Monthly Archives: September 2012

I learned a few things yesterday – some good, one not-so good.

Yesterday was a really great day and I learned a few things in the process:

1. I went running (yea!) with a couple of women in the morning and I learned that I am not the only one working to improve communication skills with my kids and in my personal life.  One woman, married for 20+ years, talked about how easy it is to get stuck in her communications with her spouse because she is thinking, “What am I getting from this conversation/relationship,”  rather than thinking “What can I give to this conversation/relationship.”  Fantastic thought … I’m going to use it!

2. In talking to a friend about how people move through life — getting from A to B , he reminded me that it’s not about our path or how long it takes us, it’s about where we end up.  Sometimes the path is a bit crooked but it will still lead us to the place we are supposed to be.  Nice.

2. I learned that at high school varsity games, the parents are terrible in the way they yell at the referees.  I mean really bad.  My kids say this is how it is.  I think it is not how it should be.  I believe we were supposed to be respectful so as to be good role models for our athletes.  This was highly disappointing to me.

3. I noted that 13 year-old girls like to hang out in swarms and that 13 year-old boys like pretend they don’t notice the girls but really are watching their every move.  Some things never change.

4. I learned that there is nothing more fun than watching my daughter and her friends.  They are so honest, care about one another and have such a great time together.  Those are the sorts of friendships we should have forever!

5. I was reminded how critical it is to make eye-contact with people.  This occurred when an employee of a local coffee shop thanked me for asking how her day was going and actually making eye contact.  She said that sometimes the employees at this location place bets on how many people will actually make eye-contact during a shift and it is usually less than 10% of those who order.  Unbelievable.

6. I learned that spending time with my kids, when I am not rushed, not talking to a client, not needing to fix, cook or clean something, really is fun!

Have a great Sunday – bet you’ll learn something today!

Miscommunication, misunderstanding or not listening?

So, my son gets up in the morning the other day and starts frantically doing homework (this is standard fare!).  I ask him something like, “Why isn’t it done?  I told you all homework had to be done before you turned on your electronic game.”  He then says something like, “You didn’t say it had to all be done but that I needed to get it done sometime.”  That bugs me.  Seriously.  That is not what I said and I can’t tell you how many times I KNOW that I say something and all I hear from them is, “You never said that.”  What follows is total defensiveness (on both the sides – the 13 year-old and the 50 year-old) and nothing gets accomplished.  Is it that miscommunication, misunderstanding or is he just not listening?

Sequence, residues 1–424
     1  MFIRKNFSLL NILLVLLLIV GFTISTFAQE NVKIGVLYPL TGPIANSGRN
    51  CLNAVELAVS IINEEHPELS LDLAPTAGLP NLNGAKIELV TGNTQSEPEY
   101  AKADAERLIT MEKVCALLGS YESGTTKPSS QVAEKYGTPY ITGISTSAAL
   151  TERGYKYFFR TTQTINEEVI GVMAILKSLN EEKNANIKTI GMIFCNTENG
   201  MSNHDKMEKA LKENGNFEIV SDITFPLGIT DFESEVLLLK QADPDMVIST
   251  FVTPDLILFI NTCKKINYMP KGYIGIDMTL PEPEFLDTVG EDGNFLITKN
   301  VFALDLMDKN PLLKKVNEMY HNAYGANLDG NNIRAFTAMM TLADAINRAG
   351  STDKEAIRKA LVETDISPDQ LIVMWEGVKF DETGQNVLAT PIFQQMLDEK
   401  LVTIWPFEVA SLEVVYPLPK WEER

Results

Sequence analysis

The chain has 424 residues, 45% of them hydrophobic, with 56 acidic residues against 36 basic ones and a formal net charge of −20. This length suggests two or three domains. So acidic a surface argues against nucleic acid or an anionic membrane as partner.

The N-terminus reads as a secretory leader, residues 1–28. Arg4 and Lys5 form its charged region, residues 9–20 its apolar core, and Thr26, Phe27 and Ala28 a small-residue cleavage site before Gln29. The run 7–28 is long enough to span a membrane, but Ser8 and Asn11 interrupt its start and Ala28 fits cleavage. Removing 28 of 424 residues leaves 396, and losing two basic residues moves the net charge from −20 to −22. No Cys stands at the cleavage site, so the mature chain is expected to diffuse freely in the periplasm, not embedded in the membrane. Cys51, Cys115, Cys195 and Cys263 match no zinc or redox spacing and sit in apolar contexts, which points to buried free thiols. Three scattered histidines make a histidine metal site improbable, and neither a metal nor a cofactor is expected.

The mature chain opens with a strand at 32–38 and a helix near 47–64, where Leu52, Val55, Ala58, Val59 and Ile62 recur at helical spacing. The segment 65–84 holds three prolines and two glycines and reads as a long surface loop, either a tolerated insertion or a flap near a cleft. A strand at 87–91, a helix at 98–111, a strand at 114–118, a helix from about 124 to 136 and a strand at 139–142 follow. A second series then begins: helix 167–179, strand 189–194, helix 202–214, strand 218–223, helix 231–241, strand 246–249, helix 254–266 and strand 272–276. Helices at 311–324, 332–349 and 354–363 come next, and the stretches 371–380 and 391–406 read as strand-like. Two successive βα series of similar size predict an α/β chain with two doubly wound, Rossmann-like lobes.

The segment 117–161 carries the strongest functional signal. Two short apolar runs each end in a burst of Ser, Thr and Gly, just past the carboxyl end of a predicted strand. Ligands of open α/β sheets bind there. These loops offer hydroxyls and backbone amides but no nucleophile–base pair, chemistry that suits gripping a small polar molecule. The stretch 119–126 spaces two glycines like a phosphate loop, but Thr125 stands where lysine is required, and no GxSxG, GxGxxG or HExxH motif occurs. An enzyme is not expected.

I would like to say that it’s my son that’s not listening but that might not be a very intellectually honest statement.  It’s likely both of us  — and if both of us are listening poorly, not listening at all or just not being clear, miscommunication will occur.  Then, when we misunderstand each other we get defensive and take actions or come to conclusions based on wrong information.  Ever have that happen with your child or significant other?

This issue is really one of active listening.  One of those phrases that sounds good, right?!  Active listening means really listening with intent and concentrating on what it is the other person is saying BEFORE coming up with your response/argument/position  (really, I’ve developed this into an art form … coming up with my position before someone’s even finished talking — ever do that? – not one of my finer traits!)

I often tell my kids that attitude plays a very important role in listening and even if you don’t agree with what is said, keep your attitude in check and realize that you are not in an argument but rather a conversation .  While I may be better at doing this with my children … it is much harder in one’s personal life, right?

Frankly, I am so tired of hearing my kids say that what I said isn’t what I said that it might be worth it to try “active listening” and watch my and their responses.  I’m just going to do it today … Remember, Rome wasn’t build in a day!

Enjoy the beautiful weather!

To complain or not to complain.

I am not in love with complaining.  In fact, I’ve been know to get a bit frustrated when my kids get in the car after school and complain about a class, something at recess, an assignment, that they are hungry, tired,  etc. (what a rough life!).  It’s easy to complain because life is full of frustrations – I get that and want to support them.  But, when is it too much?